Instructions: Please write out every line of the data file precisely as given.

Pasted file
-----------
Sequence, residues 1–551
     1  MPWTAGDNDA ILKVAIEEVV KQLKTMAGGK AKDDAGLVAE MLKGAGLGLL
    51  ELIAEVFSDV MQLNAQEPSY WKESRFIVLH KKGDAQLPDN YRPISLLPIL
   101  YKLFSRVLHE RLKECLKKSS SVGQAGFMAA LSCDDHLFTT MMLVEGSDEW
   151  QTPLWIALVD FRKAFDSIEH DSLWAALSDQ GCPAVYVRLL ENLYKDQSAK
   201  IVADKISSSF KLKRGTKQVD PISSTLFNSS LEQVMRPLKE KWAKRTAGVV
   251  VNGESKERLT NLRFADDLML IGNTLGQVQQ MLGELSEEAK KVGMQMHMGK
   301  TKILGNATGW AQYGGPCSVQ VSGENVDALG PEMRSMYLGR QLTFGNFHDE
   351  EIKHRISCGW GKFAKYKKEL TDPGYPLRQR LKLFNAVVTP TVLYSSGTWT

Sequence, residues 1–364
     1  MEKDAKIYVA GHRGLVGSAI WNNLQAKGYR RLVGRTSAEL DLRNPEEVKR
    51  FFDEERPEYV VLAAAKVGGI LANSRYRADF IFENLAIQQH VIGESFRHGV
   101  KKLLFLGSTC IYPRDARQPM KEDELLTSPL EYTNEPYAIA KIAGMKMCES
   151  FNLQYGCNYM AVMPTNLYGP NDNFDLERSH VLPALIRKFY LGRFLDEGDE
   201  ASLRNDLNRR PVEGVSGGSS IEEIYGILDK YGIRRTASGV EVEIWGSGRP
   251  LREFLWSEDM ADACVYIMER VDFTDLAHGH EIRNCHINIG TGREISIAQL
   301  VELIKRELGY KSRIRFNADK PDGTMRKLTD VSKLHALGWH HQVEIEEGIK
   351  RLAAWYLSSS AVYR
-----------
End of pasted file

Sequence, residues 1–551
     1  MPWTAGDNDA ILKVAIEEVV KQLKTMAGGK AKDDAGLVAE MLKGAGLGLL
    51  ELIAEVFSDV MQLNAQEPSY WKESRFIVLH KKGDAQLPDN YRPISLLPIL
   101  YKLFSRVLHE RLKECLKKSS SVGQAGFMAA LSCDDHLFTT MMLVEGSDEW
   151  QTPLWIALVD FRKAFDSIEH DSLWAALSDQ GCPAVYVRLL ENLYKDQSAK
   201  IVADKISSSF KLKRGTKQVD PISSTLFNSS LEQVMRPLKE KWAKRTAGVV
   251  VNGESKERLT NLRFADDLML IGNTLGQVQQ MLGELSEEAK KVGMQMHMGK
   301  TKILGNATGW AQYGGPCSVQ VSGENVDALG PEMRSMYLGR QLTFGNFHDE
   351  EIKHRISCGW GKFAKYKKEL TDPGYPLRQR LKLFNAVVTP TVLYSSGTWT

Sequence, residues 1–364
     1  MEKDAKIYVA GHRGLVGSAI WNNLQAKGYR RLVGRTSAEL DLRNPEEVKR
    51  FFDEERPEYV VLAAAKVGGI LANSRYRADF IFENLAIQQH VIGESFRHGV
   101  KKLLFLGSTC IYPRDARQPM KEDELLTSPL EYTNEPYAIA KIAGMKMCES
   151  FNLQYGCNYM AVMPTNLYGP NDNFDLERSH VLPALIRKFY LGRFLDEGDE
   201  ASLRNDLNRR PVEGVSGGSS IEEIYGILDK YGIRRTASGV EVEIWGSGRP
   251  LREFLWSEDM ADACVYIMER VDFTDLAHGH EIRNCHINIG TGREISIAQL
   301  VELIKRELGY KSRIRFNADK PDGTMRKLTD VSKLHALGWH HQVEIEEGIK
   351  RLAAWYLSSS AVYR